Legislation To Reduce Teen Dating Violence
The “Stop Abuse for Every Teen Act” or SAFE Teen Act was introduced by U.S. Senators Michael Crapo (R-ID) and Sheldon Whitehouse (D-RI) and U.S. Representatives Gwen Moore (D-WI) and Dave Reichert (R-WA), all are Congressional champions of ending domestic and dating violence victims.
Teen dating violence has become the rule, not the exception. A large part of the reason the Institute of Medicine just recommended domestic violence and intimate partner violence screening as part of preventive health care is due to the alarming prevalence of dating violence among young people.
About 72% of 8th and 9th graders report dating; 1 in 4 adolescents report emotional, physical, or sexual violence each year; and 1 in 10 adolescents report being a victim of physical dating violence. Over 40% of young people who report they are victims of dating violence say that the incidents occurred in a school building or on school grounds.
If students don’t feel safe, they can’t learn. Victims of teen dating violence are more likely to be truant, have lower grades, and drop out of school. Those who witness violence are also affected, and also experience decreased school attendance and academic performance.
In addition to physical injuries, teens who are victims of dating violence face a host of negative health consequences including depression and suicide, eating disorders, and are more likely to engage in risky behaviors such as smoking and alcohol abuse. Victims of dating violence are also three times more likely to become pregnant and more than two times as likely to report a sexually transmitted disease.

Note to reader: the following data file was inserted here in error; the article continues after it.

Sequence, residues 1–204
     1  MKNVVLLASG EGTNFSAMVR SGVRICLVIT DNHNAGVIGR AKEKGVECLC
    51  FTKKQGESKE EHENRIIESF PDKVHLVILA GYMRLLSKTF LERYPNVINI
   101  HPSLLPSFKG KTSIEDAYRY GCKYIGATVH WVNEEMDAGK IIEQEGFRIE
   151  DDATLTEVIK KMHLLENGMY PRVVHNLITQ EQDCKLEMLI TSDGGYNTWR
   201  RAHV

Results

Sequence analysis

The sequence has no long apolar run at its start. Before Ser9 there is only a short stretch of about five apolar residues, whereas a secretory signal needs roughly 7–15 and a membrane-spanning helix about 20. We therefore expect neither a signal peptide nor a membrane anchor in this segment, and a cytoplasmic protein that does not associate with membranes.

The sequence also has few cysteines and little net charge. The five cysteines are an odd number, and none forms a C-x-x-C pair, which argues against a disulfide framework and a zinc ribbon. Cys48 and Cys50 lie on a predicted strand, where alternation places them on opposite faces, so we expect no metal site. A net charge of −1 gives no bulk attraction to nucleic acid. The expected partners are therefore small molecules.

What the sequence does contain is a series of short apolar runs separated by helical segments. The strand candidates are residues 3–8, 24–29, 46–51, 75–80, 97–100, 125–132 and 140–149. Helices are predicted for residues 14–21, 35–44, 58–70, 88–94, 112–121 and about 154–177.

To date, at least 15 states (Arizona, Connecticut, Florida, Georgia, Illinois, Massachusetts, Nebraska, New Jersey, Ohio, Pennsylvania, Rhode Island, Tennessee, Texas, Virginia, and Washington) have passed teen dating violence laws that urge or require school boards to develop curriculum on teen dating violence, most without additional funding or guidance.
The federal legislation attempts to correct this problem by allowing schools that receive federal funding for bullying and harassment to include teen dating violence prevention. Schools are also encouraged to train school personnel on the issue and incorporate response mechanisms into school policies.Read a summary of the issue and an overview of what the bill would do.SAFE Teen Act Summary
The legislation has been advocated by Futures Without Violence, and a coalition of domestic violence and education advocacy organizations that support the legislation, including the Lindsay Ann Burke Memorial Foundation, Love is Not Abuse Coalition, Jewish Women International, the National Education Association, American Federation of Teachers and the Girl Scouts of the USA.
We must stop the cycle of violence. This legislation helps schools play an important role in preventing teen dating violence.